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Why Europe foots the bill for Maltese translators and other dubious economic choices in a crisis

By A. Craig Copetas
Published Last updated on This article is more than 2 years old.

To understand how Popeye, the popular cartoon sailor man, who made his debut in the year of the Great Depression, has returned 83 years later to thwart a solution to the European financial crisis, it helps to know something about German Finance Minister Wolfgang Schauble’s muscular Bluto approach to this week’s critical European Council meeting in Brussels.

“When you want to climb a big mountain and you start climbing down the mountain, then the mountain will get even higher,” is how Schauble last week described this week’s European challenge; specifically, if International Monetary Fund participation is the path to getting off Greece’s €360 billion debt heap, how many billions in pain will it cost German taxpayers to take Greece and every other near-bankrupt EU country’s public-sector creditors along for the descent.

Although the EU directive on spinach, having already been codified not to exceed more than one portion a day to children between one and three years of age, is not on Schauble’s agenda, the two-day summit brings together leaders from 27 countries; 17 eurozoners; 23 Euro Plus Pact nations; 25 EU fiscal compromise signatories and one Croatian wannabe to parse in 23 official languages the findings of the troika of the European Commission, the European Central Bank and the International Monetary Fund in order to reach a conclusion on whether a portion of Greece’s debt should be written off because it’s not sustainable.

In Popeye’s words, another 48-hour session of I yam what I yam economics.

This is what happens when bickering cartoon characters are put in charge of insolvent mountains. “We don’t need no guide,” Popeye says. “Let your conscious be your guide.”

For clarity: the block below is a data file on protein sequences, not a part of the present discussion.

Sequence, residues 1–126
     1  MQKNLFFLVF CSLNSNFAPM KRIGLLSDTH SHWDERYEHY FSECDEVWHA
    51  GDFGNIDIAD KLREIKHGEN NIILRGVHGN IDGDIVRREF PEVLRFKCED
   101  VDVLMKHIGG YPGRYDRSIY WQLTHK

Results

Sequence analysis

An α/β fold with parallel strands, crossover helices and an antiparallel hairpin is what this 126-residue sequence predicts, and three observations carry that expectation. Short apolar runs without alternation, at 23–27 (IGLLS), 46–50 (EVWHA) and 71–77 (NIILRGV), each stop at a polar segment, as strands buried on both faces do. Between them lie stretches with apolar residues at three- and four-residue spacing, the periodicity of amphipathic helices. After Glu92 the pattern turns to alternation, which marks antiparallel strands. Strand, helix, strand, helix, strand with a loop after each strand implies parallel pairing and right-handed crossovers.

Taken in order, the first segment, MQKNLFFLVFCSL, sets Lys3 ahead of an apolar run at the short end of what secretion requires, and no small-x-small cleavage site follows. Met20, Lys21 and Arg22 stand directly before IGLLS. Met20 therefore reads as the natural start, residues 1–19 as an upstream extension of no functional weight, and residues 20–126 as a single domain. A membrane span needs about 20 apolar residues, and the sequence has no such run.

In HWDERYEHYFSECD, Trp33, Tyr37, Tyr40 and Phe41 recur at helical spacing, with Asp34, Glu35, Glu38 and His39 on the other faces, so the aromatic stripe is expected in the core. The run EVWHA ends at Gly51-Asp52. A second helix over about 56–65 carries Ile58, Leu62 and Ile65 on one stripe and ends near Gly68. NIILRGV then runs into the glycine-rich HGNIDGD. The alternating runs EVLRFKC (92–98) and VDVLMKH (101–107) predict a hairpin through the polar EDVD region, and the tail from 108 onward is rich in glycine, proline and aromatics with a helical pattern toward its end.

Sentiment, however, costs money. “The consequence of a deal with a 60% or more haircut for creditors, and new bonds governed by English law, would effectively eliminate the private sector as creditors for Greece,” Peterson Institute for International Economics Research Fellow Jacob Kirkegaard earlier this year told his followers. “Greece would essentially become a euro area domestic problem, a complete ward of the state/euro for all practical purposes.”

Purse in hand, IMF managing director Christine Lagarde is the Olive Oyl of Brussels. Her call to ease demands for further austerity throughout Europe’s failing economies steams Schauble. According to Lagarde, the IMF miscalculated the impact of austerity measures across the region. It’s time to be nice. Schauble continues to urge even tougher cuts. More paperwork, less love.

There’s an old American political saw that stipulates folks in a democracy get what they deserve and deserve what they elect. The EU’s alleged representative democracy is more H.L. Mencken: “Running the circus from the monkey cage.”

Allowing the Popeyes to continue navigating the EU is a recipe for a toxic luxury cruise wreck. The theorists and bureaucrats of Brussels no longer have the cash or public support to keep their phony ship of state afloat for Europe’s 500 million people, most of whom so far want no part in exchanging their national sovereignty for creating a United States of Europe. Such cohesiveness is necessary to collectively elect real legislators, establish an effective central bank and launch all the other decent and debauched political institutions that invigorate and infuriate truly democratic unions.

Until then, how about dumping the politically correct comic translations. This will not go down well in the hamlet of  Popeye Village or within the Brussel’s bureaucracy, where the biggest group of Maltese employed outside the country but still living in the EU can be found working as translators. According to Maltese politician Peter Grgis, making this week’s European Council meeting understandable back home is part of the EU’s €30 million expenditure to translate more than 700,000 EU directives annually into Maltese, despite the fact that few read them and English is also the country’s official language.

The Maltese will grumble. Popeye is a celebrated economic hero among the 420,000 citizens who make up the EU’s only island nation, an archipelago that owes creditors some €5 billion and sinking at an interest rate of €8 a second. Unless the EU by Thursday admits the Klingon Empire, it’s the best Schauble can hope for.

 

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